In attempting to think both backward and forward for millions of years, Underland hints at an ongoing frustration with what language cannot do, or at least has not yet done. When writing about the communicative lives of fungi, Macfarlane wishes for “a language that recognizes and advances the animacy of the world,” invoking Robin Wall Kimmerer’s explanations of how Potawatomi grammar gives active verbs to things rendered static nouns in English. Later, contemplating nuclear waste, Macfarlane thinks of the ancient Finnish saga Kalevala, with its tales of magic powers buried underground that, if surfaced, can both enrich and destroy. “I have a swift, chilling sense,” he writes of “a messaging system, the warnings of which we have not heeded or even heard.” Words can pass down generations, but to what avail?
Language, Underland seems to say, is the imperfect tool for the work of the Anthropocene. But it is also what we have. Macfarlane’s language is inventive and restless, blending things wrought by people and other, grander, slower forces. It is a book in which ice sweats and stone pulses. Things not of human making emerge in quick, evocative bursts: “Ice breathes. Rock has tides. Mountains ebb and flow.” Or, in Greenland: “Dark blue of the channel, sharp blue of the cloudless sky. Daytime moon above a shield-shaped mountain.” This clipped cadence, by the end of the book, is turned away from phenomena made in by deep time to things crafted by people: “Concrete walls, unnaturally smooth. Green side-lights diminishing in size… Utilities cables droop between brackets.” At the level of syntax, humans have become like stones or ice, after a book in which stones and ice have memories and voices and sometimes fearful capacities to act.
The cumulative result is a book that accommodates not just explicit points about human life and geological time, but makes a mood for readers. We surface from its pages covered in a residue of feeling, of dread, loss, tenderness, and terrible hope. This perhaps is the wild edge of Macfarlane’s ambition: to take English and use it to re-enchant our world, to make us see movement and dynamism and force where we might otherwise observe nothing but passive stones and dirt, and to contemplate how the Earth is so often “beyond our comprehension to know but within our capacity to destroy.”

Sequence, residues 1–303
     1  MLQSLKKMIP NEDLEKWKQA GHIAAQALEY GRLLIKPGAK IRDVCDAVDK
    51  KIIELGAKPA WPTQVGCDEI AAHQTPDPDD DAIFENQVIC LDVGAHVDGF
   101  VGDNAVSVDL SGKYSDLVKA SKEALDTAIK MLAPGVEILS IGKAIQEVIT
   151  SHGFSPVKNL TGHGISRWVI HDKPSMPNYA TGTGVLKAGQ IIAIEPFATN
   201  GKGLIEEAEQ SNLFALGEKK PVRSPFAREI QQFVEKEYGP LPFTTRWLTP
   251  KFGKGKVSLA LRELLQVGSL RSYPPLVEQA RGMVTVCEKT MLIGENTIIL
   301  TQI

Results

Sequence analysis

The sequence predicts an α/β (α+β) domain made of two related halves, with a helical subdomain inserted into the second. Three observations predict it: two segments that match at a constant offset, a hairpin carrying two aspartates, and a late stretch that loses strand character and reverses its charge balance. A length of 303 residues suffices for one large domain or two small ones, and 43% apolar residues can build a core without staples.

Sometimes the power of this point is muted, slightly, by the book’s use of a universal we. “Deep time awareness might help us see ourselves as part of a web of gift,” Macfarlane writes, but some of us, like Kimmerer, come from cultures that already see this way. Nor are all of us equally complicit in forming the plastic flotsam and nuclear waste Macfarlane details. Not all people make ice sweat, nor will all of us will live equally with the consequences of it melting. But for readers not raised to think with stones, Underland is a profound guide to literally feeling the Earth. Underland, from its formal inventiveness to the striking elegance of its prose, opens its readers to a new mode of perception; we see ourselves not as we are now but as the ancestors we will become. Such emotion is its own kind of argument, a way of seeing in the dark.
Underland: A Deep Time Journey
By Robert Macfarlane
W.W. Norton & Company
June 4 2019
Bathsheba Demuth is an assistant professor of history and environment and society at Brown University. Her first book, "Floating Coast: An Environmental History of the Bering Strait" is out with Norton in August 2019.